It is every parent’s worst nightmare. Stephanie Harker is travelling through the security gates at O’Hare airport when she is taken into a perspex box having set off the metal detectors. Made to wait outside, five-year-old Jimmy is led away, by hand, by a uniformed officer. Stephanie’s panic and shouts lead security to believe she is a threat, and she is tasered brutally to the ground amidst her screams of protest while Jimmy disappears into the distance unnoticed by anyone but her.
However, when Stephanie has a chance to tell her story to the FBI, it becomes clear that everything is not as it seems. Unanswered questions surround Jimmy’s background and why someone would want to abduct him. But it is Stephanie’s close friendship with reality TV star Scarlett Higgins that appears to lie at the bottom of a tale of death, deception and the extraordinary lengths to which a parent will go to protect their child.
Kobo in conversation: Author Val McDermid talks with author and journalist Paula Todd about her latest novel The Vanishing Point; plus publicity, celebrity and the future of books.
15 October 2012
20 October 2012
Recent Crime Fiction
In this intelligent and hypnotically readable thriller, what really interests McDermid, and us, is the meaning of fame and how people deal with being famous. The relationship between Scarlett and Stephanie is one of the best things she has done. True, the double narrative is sometimes cumbersome and a large red herring stinks to high heaven; but these add up to a small price to pay for this entertaining and thought-provoking book. Roll on next autumn.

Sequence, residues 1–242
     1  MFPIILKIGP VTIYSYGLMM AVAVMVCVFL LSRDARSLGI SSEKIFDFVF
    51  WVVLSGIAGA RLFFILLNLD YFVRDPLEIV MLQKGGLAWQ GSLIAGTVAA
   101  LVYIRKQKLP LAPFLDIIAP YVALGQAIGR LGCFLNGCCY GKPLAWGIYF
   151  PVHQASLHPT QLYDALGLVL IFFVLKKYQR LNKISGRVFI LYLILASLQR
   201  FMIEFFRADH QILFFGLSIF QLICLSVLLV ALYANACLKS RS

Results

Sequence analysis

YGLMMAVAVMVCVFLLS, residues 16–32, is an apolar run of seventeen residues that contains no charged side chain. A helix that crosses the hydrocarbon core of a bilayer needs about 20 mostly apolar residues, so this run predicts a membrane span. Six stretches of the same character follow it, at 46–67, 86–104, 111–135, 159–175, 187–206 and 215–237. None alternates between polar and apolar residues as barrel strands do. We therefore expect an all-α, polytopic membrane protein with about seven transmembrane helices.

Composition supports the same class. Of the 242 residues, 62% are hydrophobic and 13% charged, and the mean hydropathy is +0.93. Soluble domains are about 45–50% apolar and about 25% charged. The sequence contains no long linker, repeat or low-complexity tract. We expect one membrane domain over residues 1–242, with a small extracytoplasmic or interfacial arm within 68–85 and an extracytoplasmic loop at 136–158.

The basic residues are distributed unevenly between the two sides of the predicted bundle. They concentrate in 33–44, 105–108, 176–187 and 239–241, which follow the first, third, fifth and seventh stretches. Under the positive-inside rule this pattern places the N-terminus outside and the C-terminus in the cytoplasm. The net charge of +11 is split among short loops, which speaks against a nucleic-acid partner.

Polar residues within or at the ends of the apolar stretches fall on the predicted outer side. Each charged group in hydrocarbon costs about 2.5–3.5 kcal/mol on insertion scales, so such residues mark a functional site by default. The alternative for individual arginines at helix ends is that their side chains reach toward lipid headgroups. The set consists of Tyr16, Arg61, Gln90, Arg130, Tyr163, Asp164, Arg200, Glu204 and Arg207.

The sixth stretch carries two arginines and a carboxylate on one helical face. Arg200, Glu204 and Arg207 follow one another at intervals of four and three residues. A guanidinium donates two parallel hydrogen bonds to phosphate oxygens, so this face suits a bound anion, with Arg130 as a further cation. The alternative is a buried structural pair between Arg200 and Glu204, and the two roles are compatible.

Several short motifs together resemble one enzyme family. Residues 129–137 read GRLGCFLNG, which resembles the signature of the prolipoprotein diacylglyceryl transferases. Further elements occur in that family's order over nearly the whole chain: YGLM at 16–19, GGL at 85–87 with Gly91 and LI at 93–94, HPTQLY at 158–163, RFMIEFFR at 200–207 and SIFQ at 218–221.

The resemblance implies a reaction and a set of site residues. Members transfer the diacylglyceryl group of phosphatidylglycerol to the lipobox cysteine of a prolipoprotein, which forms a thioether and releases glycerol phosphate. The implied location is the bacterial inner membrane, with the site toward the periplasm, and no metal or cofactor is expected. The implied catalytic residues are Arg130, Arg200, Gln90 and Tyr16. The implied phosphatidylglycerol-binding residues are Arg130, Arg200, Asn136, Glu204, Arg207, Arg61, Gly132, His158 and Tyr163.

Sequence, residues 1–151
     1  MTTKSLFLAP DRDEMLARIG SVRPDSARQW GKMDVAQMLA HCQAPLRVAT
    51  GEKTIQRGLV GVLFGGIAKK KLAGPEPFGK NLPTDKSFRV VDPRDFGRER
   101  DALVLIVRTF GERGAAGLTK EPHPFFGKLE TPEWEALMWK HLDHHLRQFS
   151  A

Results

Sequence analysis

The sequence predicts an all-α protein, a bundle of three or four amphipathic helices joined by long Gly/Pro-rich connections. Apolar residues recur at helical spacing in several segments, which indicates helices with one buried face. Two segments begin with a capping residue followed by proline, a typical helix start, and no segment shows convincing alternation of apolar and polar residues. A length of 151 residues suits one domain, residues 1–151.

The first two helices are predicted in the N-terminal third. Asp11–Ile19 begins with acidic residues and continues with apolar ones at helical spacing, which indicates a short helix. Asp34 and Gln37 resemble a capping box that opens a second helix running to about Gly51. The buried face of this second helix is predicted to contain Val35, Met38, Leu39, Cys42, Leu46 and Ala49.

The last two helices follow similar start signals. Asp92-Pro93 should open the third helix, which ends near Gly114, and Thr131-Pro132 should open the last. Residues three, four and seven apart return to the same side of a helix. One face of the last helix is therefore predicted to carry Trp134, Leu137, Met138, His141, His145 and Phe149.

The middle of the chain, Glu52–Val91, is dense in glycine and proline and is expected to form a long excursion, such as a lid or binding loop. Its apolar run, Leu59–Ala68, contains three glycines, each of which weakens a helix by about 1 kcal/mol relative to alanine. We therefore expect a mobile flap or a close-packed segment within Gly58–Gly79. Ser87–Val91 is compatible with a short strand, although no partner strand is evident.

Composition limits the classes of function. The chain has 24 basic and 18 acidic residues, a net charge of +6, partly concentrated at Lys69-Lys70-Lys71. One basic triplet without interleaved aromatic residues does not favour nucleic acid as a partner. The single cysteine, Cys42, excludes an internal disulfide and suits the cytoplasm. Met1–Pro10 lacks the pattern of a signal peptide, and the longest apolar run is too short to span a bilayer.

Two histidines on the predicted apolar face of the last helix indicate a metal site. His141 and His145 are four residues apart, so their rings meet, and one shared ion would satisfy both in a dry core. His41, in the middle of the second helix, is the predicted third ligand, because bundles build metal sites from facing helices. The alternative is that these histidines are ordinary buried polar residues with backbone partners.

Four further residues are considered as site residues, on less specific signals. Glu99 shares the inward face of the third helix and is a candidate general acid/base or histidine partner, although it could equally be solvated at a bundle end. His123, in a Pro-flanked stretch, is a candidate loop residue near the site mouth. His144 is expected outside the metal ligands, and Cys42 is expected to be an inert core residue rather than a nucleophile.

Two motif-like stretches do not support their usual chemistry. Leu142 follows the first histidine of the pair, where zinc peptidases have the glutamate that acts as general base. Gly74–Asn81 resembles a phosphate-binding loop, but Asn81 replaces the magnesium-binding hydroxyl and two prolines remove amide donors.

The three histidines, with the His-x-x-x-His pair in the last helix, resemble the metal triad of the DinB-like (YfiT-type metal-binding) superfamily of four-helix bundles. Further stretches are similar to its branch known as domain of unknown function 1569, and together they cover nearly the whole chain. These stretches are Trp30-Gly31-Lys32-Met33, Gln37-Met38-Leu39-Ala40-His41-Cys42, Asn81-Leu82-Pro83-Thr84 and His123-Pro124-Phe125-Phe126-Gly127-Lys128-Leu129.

Friday 14 September 2012
The Vanishing Point by Val McDermid (Little, Brown, £16.99) McDermid’s latest novel begins with British ghostwriter Stephanie Harker and her five-year-old charge, Jimmy, queuing for a pat-down at the airport in Chicago. It turns into a nightmare when the boy is led away, and Harker finds herself on the wrong side of the barrier, powerless to intervene.
By the time she’s convinced the security guards that Jimmy has been abducted, the boy is long gone. Having racheted up the tension, McDermid changes down a gear for a lengthy chunk of backstory. It’s a risk that pays off, as the subject is one of perennial fascination – celebrity culture and the cynical manipulation that surrounds it. Recruited to write the autobiography of Scarlett Higgins, who found fame on a reality TV show, Harker finds herself becoming unexpectedly close to her subject. Her recollections are interspersed with faster-paced accounts of the attempts of the police on both sides of the pond to find Jimmy. Both strands are masterfully handled, and McDermid’s ability to wrong-foot the reader remains second to none: highly recommended.
Friday 23 September 2012
McDermid keeps tension high with red herrings and plot twists. The sheer brio of her writing produces that increasingly rare thing, a genuine page-turner that doesn’t insult its readers’ intelligence.
15 September 2012
— Fanny Blake